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Random tests found that one in 16 of all ages tested positive during the last three weeks of March. The surge has been driven by the BA.2 sub-variant of Omicron.
Professor Paul Elliott, programme director of React-1 testing at Imperial College London, warned: “These are absolutely unprecedentedly high levels, particularly in older people.”
Among more than 100,000 tested across all age groups, 6.4 per cent were found to be positive.
Covid infections appear to be plateauing overall but rates were highest among those aged five to 11 with one in 11 infected.
By the end of last month cases were declining or stabilising among children, teens and younger adults but still rising among over-55s.
Prof Elliott said the trend may be partly due to the waning of boosters and more people venturing out.
He said: “I think it’s a combination of people mixing more but also we know that many older people had their booster way back in October or November last year.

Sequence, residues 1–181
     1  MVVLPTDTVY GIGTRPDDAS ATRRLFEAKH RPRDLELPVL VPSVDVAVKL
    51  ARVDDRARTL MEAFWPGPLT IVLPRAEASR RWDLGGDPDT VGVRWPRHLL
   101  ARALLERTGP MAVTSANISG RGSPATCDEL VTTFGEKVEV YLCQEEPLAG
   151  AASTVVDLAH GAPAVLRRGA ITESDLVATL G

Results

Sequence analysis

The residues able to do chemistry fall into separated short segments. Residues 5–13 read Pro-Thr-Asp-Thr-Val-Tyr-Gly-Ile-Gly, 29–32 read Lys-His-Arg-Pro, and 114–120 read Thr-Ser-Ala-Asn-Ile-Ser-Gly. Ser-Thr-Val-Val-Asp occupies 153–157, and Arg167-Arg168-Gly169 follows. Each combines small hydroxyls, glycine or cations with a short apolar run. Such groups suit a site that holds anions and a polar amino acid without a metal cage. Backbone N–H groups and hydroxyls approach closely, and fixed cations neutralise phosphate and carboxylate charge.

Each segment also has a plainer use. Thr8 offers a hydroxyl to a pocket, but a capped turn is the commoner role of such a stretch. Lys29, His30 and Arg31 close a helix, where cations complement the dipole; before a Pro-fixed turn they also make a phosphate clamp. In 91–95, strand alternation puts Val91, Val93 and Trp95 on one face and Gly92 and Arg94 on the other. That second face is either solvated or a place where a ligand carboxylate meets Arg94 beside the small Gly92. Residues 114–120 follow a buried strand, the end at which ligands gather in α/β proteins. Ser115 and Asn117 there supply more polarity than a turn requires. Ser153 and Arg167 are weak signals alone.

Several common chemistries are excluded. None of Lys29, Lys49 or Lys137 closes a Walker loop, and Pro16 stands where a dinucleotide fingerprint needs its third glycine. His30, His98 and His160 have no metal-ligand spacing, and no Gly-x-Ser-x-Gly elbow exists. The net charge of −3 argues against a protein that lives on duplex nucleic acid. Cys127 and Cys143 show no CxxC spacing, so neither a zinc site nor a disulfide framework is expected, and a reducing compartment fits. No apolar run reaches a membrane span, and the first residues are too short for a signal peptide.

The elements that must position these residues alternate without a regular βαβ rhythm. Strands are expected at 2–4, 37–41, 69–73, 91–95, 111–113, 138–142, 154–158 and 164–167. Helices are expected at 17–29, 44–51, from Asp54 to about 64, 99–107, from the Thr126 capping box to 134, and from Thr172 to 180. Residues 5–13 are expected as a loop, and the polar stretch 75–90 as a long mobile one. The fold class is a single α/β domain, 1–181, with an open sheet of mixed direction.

“It’s likely there is some waning of protection, although we do know with the booster there is very good protection against severe illness.”
The NHS meanwhile said the number of Covid patients in hospitals is now at the highest since mid-January.
There were 16, voltaren rapid 25 mg 30 tablets 552 on wards in England yesterday, almost double the 8,400 on March 5.At the peak of the first Omicron spike on January 10 it was 17,120.
Prof Elliott said the “twin peaks” were at first driven by BA.1 sublineage of Omicron but BA.2 appears to be more transmissible and is now dominant.
Deaths due to Covid in England and Wales have jumped to the highest level since mid-February. In seven days to March 25, there were 780 said the Office for National Statistics.
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